A new high speed rail network should boost economic growth in the Midlands and the North, and not simply provide a feed into London, said government quango High Speed 2 (HS2) rail director Andrew McNaughton this week.
McNaughton said good connection between cities outside London was the most important consideration for any new system.
He was speaking as high speed rail pressure group Greengauge 21 launched plans for a £69bn UK high speed rail network.
Its plan involves the development of five such lines across the country.
“Passengers would have a different experience of speed, reliability and comfort using high speed rail. What we need is a way to develop the economies in the great northern cities, which will act as a balance to London.”
Andrew McNaughton, HS2
“Any high speed rail network will not be rail − it is something quite different,” he said. “Passengers would have a different experience of speed, reliability and comfort using high speed rail.
“What we need is a way to develop the economies in the great northern cities, which will act as a balance to London,” he said.
He added that any new network would spark massive economic growth and that while a high speed network would eat into the domestic aviation market, this would only be a green solution if the trains were full.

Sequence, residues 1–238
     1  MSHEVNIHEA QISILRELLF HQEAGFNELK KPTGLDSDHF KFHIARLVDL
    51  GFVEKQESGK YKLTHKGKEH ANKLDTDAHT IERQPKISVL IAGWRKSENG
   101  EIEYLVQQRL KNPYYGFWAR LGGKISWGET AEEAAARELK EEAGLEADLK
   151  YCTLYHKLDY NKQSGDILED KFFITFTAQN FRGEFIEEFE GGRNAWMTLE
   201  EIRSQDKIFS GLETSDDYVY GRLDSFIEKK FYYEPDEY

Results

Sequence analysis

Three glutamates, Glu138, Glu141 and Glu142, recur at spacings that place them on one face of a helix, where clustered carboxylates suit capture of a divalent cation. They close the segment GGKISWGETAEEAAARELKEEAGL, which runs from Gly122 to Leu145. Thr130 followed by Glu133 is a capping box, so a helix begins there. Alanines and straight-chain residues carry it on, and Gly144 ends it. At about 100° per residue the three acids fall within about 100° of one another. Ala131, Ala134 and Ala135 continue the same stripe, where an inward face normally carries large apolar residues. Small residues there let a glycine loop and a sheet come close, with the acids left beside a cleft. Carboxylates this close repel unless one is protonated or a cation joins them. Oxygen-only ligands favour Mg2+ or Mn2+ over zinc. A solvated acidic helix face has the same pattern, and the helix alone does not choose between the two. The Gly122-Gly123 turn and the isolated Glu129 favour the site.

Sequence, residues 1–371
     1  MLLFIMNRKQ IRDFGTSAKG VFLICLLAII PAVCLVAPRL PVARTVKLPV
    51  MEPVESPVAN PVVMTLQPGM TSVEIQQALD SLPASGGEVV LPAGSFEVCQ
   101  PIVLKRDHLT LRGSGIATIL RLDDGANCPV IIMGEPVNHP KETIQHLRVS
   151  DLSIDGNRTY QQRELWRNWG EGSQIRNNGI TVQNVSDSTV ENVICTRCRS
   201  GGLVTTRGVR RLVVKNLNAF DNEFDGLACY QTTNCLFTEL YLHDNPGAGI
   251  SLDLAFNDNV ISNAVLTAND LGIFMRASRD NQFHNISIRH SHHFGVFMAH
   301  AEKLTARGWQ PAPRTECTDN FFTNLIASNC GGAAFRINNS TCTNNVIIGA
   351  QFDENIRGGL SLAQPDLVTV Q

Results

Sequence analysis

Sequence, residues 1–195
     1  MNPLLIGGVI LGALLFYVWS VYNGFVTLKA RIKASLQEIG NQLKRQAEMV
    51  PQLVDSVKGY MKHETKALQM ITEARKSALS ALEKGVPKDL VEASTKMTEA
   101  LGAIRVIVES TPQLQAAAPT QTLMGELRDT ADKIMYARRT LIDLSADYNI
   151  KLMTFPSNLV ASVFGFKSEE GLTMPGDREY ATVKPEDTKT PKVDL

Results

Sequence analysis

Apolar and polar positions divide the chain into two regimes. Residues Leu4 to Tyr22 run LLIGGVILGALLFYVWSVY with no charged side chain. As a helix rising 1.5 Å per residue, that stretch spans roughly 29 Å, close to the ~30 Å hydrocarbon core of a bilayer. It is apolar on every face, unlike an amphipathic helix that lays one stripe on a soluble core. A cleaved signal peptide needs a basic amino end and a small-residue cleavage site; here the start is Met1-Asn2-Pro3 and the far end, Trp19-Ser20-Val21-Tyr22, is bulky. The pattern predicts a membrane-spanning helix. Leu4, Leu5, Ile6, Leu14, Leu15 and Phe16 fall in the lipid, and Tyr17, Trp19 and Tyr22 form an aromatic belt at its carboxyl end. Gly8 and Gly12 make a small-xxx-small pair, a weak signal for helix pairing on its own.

NCE understands that the first London to Birmingham leg under investigation by HS2 would be compatible with the Greengauge 21 proposals and that a new high speed network would rely heavily on large new parkway-style stations to connect cities.
Launching the Greengauge 21 plans, director Jim Steer said 62% of the economic benefits would go to the Midlands and the North.
He also said that the cash to develop the network would meet the strictest cost/benefit tests, with every £1 invested bringing £3.50 back into the economy.
Network Rail recently proposed a £34bn route from London to Glasgow for 18,500 passengers per hour by 2030 (NCE 3 September).